I would consider a year a decent and acceptable length of time to for a one-on-one to work with a child, as long as there is overlap between the aides when transitioning and a supervisor who can manage the transition.

Thank you all for the information, it makes me feel a lot better about the changeover. The company we use had staffing issues and my daughter lost about 5 hours a week from her prescribed hours this summer and it was worrying me. We had a big changeover due to a very serious issue last year with some people at the company and I was also worried that may have played a part.

With my daughter unable to express her feelings in any way, I guess I get get scared when someone new is going to be spending so much time with her. She can use her sign language or Ipad to tell us her wants but emotions just escape her almost completely. :frowning:

This summer her hours where split between two, she also spent most of it in autism camp and/or ESY (Extended School Year) As far as I can tell all children in my daughters range have the same sort of hours with the same TSS through out the school year. It is every school hour covered, plus home and community.

This makes a lot of sense, but there will be no transition. I don’t know if my daughter is going to be hurt or not, she won’t tell us but it doesn’t make it not true. Jaelyn liked this TSS, would hug her when she seen her, would squeal when she seen her car pull in. And now she will never see her again, the company didn’t even think it was okay to send her one more week. We have the BSC Behavior Specialist Consultant doing her hours while the new TSS starts after we meet her sometime next week. Her replaced TSS has texted me about saying her goodbyes on the side, so I guess she will still have that.

All in all I understand a changeover. Especially after reading the above, I just think it could have been handled a lot better. If the TSS was burned out I would totally understand. But she said she had no say, and considering we just had our meeting 2 months ago and they said about her entering the school year with the same TSS it bugged me as well. Sudden changes suck :eek:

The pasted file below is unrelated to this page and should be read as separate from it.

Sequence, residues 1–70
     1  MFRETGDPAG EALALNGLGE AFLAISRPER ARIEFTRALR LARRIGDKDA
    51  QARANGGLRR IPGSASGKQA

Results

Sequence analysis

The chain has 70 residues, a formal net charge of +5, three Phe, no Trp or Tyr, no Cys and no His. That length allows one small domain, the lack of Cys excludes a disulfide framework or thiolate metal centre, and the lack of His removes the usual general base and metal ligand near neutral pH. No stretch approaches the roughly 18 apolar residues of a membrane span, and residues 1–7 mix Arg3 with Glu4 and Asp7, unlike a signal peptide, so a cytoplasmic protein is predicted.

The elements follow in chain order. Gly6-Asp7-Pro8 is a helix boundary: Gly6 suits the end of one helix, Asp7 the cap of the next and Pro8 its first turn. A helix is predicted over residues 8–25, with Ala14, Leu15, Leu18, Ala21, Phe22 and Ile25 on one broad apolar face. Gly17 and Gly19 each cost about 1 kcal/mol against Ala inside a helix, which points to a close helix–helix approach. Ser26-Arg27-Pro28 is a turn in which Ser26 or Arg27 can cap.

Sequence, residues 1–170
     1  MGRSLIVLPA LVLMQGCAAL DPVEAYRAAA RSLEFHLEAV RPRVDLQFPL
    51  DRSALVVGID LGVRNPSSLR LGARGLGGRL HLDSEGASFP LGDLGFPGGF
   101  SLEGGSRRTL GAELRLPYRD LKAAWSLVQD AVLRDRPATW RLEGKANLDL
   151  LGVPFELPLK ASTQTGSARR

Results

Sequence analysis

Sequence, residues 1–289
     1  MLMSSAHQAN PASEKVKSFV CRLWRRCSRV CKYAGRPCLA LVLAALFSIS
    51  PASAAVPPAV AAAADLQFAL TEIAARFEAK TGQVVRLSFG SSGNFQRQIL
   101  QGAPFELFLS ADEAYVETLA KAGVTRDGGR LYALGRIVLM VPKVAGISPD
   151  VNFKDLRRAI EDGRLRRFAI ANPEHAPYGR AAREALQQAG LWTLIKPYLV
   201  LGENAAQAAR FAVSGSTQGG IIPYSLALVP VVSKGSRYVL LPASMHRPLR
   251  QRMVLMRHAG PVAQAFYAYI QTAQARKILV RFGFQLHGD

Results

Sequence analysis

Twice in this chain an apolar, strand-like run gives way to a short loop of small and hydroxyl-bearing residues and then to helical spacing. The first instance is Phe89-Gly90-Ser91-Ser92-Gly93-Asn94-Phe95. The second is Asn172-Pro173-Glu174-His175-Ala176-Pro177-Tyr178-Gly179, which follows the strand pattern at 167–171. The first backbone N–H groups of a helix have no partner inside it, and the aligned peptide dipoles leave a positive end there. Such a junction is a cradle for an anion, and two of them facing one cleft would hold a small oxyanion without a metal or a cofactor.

You have my sympathy. My son is 2 at the moment, and they were very clear with us up front that his current special instructor, speech therapist, and OT would only be with us until he turned 3. But six months before, we would start to work on a transition plan.

What state do you live in?

Good luck, and 40 hours per week must be fantastic.

I worked as a TSS for about three years. My agency didn’t have a policy of moving you off of a case after a set amount of time but if one did it seems reasonable for the reasons mentioned above.

That said, because you’re confused as to exactly why they’re changing your staff I assume that the agency hasn’t told you why they’re doing it. I could dream up reasons they’d have to hide the cause from you, but were I in your position it would make me dubious. Additionally, unless there’s something extraordinary going on I agree they’re handling the transition poorly. I am suspicious that there actually is something going on, though. If I have no information other than what you’d written and I had to put money somewhere I’d put it on your previous TSS having been fired.

The full time didn’t start until Jaelyn was 5. Which makes little to no sense to me since most books I have read says the best times are at the younger 2-3 years old range for intensive therapy. I live in Pennsylvania, and prior to that we had IIRC 10-15 hours a week.

The only really awesome thing is her autism teacher in school has been with her since kindergarten and will remain her teacher until sixth grade. So she will have that stable environment. Not to mention the classroom started with her kindergarten year and her teacher was first year so they bonded and have a nice bond. -